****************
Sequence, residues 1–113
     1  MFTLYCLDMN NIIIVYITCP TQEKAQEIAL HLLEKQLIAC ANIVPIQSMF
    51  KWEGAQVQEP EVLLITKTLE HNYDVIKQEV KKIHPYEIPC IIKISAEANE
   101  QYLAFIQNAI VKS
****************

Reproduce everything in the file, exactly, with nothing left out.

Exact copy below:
Sequence, residues 1–113
     1  MFTLYCLDMN NIIIVYITCP TQEKAQEIAL HLLEKQLIAC ANIVPIQSMF
    51  KWEGAQVQEP EVLLITKTLE HNYDVIKQEV KKIHPYEIPC IIKISAEANE
   101  QYLAFIQNAI VKS